Italy is made up of 20 regions, each with distinctive characteristics. Here, you’ll get an overview of Calabria to get you started on planning a Calabria trip.
Way down at the tip of southern Italy is Calabria, the toe of the boot kicking Sicily ever-so-slightly into the Mediterranean.
This is a region surrounded on almost all sides by water, and its beaches are one of the main draws – they can get really, really crowded during the summer. There’s more to Calabria than beaches, however, including some tall mountains and fascinating history.
Like much of southern Italy, Calabria is both quite mountainous and a popular beach destination in summer. There are peaks from three different mountain ranges in the region, plus lots of hilly areas between those and the beaches.
Cities and major beach resort towns asides, Calabria is tricky to get around in without a car. You can’t rely on trains beyond the main cities, and to see some of the prettiest beach towns you’ll need to rent a car.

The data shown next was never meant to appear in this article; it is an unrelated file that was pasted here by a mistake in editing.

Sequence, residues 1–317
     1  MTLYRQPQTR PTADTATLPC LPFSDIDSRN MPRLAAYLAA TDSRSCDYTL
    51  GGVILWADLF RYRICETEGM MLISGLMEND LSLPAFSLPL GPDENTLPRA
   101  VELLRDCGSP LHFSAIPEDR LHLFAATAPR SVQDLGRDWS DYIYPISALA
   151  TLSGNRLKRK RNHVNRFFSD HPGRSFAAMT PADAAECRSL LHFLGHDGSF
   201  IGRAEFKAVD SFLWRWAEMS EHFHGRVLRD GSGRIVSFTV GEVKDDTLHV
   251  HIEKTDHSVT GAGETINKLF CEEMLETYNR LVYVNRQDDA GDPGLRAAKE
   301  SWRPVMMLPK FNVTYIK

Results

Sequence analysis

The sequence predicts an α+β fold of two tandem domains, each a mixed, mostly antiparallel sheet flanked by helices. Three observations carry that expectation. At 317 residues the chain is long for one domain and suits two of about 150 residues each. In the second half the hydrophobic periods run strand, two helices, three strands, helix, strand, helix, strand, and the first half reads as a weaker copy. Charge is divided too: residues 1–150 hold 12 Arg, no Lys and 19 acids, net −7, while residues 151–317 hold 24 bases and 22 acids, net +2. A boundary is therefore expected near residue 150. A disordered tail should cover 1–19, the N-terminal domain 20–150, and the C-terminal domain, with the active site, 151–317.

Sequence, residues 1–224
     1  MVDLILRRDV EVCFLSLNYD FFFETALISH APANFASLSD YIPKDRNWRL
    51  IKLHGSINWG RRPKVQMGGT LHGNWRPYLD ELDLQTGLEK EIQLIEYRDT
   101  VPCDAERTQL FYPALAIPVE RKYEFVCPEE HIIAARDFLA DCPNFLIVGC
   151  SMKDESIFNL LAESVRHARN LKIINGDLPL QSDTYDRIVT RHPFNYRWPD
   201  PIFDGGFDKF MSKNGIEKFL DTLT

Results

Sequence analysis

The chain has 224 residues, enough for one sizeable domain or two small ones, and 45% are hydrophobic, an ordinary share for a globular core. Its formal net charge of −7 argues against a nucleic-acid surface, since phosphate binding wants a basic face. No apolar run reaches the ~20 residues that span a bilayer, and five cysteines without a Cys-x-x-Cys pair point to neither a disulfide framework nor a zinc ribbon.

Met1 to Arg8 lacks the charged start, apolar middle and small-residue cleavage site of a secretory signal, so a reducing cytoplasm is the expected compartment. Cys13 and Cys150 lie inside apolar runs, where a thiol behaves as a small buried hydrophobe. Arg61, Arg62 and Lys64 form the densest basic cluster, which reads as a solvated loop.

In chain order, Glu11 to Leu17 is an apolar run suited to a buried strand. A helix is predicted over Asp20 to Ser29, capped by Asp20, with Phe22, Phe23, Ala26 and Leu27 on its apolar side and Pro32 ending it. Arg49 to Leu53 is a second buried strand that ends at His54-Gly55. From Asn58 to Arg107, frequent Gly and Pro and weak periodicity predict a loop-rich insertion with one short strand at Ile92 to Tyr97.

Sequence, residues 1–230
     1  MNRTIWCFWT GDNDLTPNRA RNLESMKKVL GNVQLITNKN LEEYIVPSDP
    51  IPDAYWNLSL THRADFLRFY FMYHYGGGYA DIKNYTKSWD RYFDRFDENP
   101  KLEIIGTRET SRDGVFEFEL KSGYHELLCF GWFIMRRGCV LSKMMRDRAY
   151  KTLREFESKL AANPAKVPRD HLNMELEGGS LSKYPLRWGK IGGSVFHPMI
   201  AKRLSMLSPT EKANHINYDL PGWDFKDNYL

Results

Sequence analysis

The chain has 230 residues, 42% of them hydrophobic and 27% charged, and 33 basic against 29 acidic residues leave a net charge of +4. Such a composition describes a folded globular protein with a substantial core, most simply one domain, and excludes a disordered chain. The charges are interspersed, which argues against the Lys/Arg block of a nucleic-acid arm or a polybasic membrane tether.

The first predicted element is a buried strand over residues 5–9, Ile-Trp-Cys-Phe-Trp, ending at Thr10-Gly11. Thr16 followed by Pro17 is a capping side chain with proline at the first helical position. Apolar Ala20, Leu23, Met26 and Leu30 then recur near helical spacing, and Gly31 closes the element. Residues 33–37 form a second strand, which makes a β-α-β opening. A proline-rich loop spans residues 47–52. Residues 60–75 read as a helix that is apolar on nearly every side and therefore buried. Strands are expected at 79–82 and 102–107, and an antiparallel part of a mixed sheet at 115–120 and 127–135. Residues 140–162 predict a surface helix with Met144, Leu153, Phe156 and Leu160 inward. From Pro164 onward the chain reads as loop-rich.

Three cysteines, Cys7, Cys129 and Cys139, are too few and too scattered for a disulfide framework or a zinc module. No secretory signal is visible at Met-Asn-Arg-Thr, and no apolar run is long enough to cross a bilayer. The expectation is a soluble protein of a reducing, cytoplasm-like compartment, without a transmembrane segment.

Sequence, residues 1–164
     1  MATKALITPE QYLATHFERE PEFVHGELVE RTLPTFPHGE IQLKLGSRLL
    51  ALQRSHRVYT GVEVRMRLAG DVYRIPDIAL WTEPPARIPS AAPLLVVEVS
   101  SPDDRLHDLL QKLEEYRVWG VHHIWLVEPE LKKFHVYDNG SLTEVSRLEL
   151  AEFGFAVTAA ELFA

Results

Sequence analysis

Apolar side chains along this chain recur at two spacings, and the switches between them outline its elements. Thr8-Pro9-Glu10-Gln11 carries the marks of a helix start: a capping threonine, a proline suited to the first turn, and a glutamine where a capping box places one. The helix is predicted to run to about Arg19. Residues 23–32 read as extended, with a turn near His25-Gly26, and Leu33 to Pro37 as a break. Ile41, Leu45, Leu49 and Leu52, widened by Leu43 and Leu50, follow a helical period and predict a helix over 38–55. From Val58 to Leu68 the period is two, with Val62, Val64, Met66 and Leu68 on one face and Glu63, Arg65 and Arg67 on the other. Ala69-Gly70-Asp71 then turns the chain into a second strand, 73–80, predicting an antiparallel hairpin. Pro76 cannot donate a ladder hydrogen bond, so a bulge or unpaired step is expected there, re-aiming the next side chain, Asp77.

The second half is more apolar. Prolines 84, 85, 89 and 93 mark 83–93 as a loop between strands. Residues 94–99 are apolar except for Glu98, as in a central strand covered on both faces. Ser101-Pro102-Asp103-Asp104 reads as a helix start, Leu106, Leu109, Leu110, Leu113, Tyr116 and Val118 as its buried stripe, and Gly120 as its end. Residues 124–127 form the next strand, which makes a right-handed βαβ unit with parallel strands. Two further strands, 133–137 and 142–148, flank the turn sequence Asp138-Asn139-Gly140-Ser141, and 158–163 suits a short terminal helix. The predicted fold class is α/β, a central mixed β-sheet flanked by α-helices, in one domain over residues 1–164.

And speaking of pretty beach towns, I’m not sure there’s a more photogenic one than Tropea. Most of Calabria’s beaches are packed in the summer, mainly with Italians and other Europeans. Some of the mountains draw skiers in the winter, too, while the city of Reggio Calabria is home to the 5th century BCE Riace bronzes (wonderfully well-preserved Greek bronze statues) in the National Museum of Magna Grecia.
Calabria is a region for nature enthusiasts, beach lovers, history buffs, and anyone who just likes getting away from the madding crowds in the north.
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